MMM Blog

Blog Appreciation

By Paul Campbell SJ           U.S.A.     15.08.2022
Paul Campbell SJFor ten glorious and very enjoyable years, I was the Publisher of Loyola Press of Chicago.  (A side benefit of this position was that I amassed enough frequent flier miles to visit my MMM sister several times both in Sao Paulo and Salvador de Bahia, Brazil.)  At some point during my time in Chicago, I foolishly volunteered to write a blog five days a week called "People for Others."  I got to the point where I would bang my head on my desk because I simply couldn't think of another Ignatian thought that I hadn't already expressed.

Words are like Coins

by unknown MMM writer   undated     Ireland        13.08.2022

earphone resizedWords like coins are good currency. But like currency they can suffer devaluation. Some words even wear thin with usage. Jargon I’d say is counterfeit currency. It goes from being shorthand to short change. The English word ‘listen’ is short changed. In fact in the Anglo-Saxon understanding of the word it means ‘to wait in suspense’, to be on the alert to ourselves and for others.

The prophet Isaiah realised this, he said, “Each morning, He wakes me to hear, to listen like a disciple”. To wait in suspense with another, flows and follows from listening. It is with a receptive morning heart that we’re prompted to hear the movement of God and the needs of others.

Lily Murphy

By Monica Shaw           U.S.A.           11.08.2022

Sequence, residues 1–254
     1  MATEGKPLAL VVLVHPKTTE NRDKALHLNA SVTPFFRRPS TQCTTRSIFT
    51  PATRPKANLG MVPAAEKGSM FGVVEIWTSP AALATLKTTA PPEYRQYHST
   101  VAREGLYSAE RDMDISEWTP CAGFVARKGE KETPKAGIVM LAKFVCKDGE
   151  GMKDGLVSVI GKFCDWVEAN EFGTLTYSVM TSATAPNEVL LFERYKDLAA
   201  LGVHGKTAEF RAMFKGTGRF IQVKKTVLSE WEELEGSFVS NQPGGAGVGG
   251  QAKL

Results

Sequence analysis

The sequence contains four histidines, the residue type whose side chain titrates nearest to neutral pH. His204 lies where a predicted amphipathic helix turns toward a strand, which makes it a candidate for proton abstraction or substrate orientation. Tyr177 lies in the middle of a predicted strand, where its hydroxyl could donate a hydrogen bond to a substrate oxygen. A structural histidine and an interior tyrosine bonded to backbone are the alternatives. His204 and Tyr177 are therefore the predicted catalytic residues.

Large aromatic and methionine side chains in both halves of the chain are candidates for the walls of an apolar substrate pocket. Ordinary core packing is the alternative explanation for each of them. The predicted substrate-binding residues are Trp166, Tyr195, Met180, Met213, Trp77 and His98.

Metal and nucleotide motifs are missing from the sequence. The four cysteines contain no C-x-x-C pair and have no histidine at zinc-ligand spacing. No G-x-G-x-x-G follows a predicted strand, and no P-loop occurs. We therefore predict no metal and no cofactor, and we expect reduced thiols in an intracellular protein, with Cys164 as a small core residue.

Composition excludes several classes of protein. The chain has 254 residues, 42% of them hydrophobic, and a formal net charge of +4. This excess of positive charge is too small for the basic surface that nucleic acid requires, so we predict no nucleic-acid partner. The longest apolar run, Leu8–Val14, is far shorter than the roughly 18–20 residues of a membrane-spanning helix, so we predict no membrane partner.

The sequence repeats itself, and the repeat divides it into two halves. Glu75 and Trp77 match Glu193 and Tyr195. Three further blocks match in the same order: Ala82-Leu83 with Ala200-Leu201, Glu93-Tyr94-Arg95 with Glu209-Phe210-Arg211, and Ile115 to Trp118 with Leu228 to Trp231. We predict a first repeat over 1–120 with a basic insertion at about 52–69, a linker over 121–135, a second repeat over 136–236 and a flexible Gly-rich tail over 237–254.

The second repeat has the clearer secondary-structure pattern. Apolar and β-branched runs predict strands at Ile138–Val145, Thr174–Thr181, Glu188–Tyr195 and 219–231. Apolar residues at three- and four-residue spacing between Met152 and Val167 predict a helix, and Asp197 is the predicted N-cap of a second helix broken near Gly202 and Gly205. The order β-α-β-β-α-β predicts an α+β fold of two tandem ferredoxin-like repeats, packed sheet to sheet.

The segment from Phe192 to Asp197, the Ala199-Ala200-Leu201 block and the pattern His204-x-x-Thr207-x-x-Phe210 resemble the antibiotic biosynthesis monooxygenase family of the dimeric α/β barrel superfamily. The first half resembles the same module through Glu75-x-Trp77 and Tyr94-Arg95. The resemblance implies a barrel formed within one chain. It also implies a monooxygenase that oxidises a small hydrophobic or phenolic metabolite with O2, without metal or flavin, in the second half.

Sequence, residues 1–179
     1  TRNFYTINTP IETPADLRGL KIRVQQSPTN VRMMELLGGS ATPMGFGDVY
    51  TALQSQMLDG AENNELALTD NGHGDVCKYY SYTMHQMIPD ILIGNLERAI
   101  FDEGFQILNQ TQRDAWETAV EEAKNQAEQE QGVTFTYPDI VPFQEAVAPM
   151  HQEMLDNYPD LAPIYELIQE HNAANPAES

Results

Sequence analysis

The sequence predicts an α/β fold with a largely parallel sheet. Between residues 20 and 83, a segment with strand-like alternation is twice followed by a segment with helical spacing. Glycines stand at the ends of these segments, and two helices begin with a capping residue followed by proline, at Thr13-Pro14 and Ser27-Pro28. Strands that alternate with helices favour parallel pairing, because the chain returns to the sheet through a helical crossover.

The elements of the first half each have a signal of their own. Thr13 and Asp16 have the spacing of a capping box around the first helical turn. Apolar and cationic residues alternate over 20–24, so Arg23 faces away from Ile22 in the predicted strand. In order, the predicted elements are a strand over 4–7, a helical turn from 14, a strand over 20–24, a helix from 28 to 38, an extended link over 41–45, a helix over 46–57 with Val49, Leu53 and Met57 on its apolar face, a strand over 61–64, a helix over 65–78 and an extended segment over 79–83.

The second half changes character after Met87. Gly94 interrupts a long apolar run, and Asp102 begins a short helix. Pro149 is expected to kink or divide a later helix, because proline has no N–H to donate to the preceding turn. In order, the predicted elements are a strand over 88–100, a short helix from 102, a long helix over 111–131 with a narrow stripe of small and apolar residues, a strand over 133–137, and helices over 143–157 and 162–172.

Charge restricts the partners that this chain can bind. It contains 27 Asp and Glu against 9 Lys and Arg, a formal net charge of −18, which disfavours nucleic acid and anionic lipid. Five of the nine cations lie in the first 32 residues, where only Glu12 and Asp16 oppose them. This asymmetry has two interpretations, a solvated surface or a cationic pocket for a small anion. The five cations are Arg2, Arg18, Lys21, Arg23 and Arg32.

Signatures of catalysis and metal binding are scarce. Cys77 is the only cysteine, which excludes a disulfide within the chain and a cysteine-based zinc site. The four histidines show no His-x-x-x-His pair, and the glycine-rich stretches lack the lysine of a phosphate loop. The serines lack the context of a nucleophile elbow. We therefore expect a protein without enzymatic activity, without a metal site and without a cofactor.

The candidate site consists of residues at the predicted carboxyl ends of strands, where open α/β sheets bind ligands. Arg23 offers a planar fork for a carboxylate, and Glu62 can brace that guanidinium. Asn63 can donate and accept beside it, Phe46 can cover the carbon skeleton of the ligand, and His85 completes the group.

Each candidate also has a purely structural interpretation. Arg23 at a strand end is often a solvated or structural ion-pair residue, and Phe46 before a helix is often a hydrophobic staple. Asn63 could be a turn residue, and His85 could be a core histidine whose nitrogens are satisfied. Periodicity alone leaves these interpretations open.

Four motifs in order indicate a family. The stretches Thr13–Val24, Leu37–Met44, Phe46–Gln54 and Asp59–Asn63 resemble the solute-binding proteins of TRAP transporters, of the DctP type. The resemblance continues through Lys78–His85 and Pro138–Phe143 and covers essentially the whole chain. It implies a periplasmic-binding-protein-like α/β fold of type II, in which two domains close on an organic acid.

Lily Picture1Lily Murphy was my great aunt. In 1950, Lily went with the Medical Missionaries of Mary to Ogoja, Nigeria to teach the leper children. At the time, she was 57 years young, and stayed in Ogoja for over 20 years establishing schools in each village.


by Sr. Cecily Bourdillion MMM     Ireland       09.08.2022

old telephone resizedMy last mission was in rural Malawi, ministering at Kasina Health Centre. Though the people of Kasina are subsistence farmers and live from hand to mouth it was wonderful and amazing to witness patients using a cell phone to contact family to report their admission or to give other information. In the villages solar panels charging the phones was a common sight. Near the Health Centre was a pylon to ensure availability of telecommunication.

It was there that someone predicted that one day we would be able to see the person speaking to us over the seas. I expressed my certitude that this was an absolute impossibility!

What's in a Name?

by Mary Coffey AMMM         Ireland          07.08.2022

Mary Coffey and children resizedMy Da used to call me Moll and, years later, my brother Paddy used it also as a term of endearment, connecting us both back to the well-spring of Da’s gentle love. My Auntie Mary sometimes called me Mollie. My brother–in–law, Damien, when he got to know me first, started to call me Maisie. Their children took it up and now that they are young adults they still use it occasionally. There is something very intimate in a pet name that is used just within the family.

Unworked Racism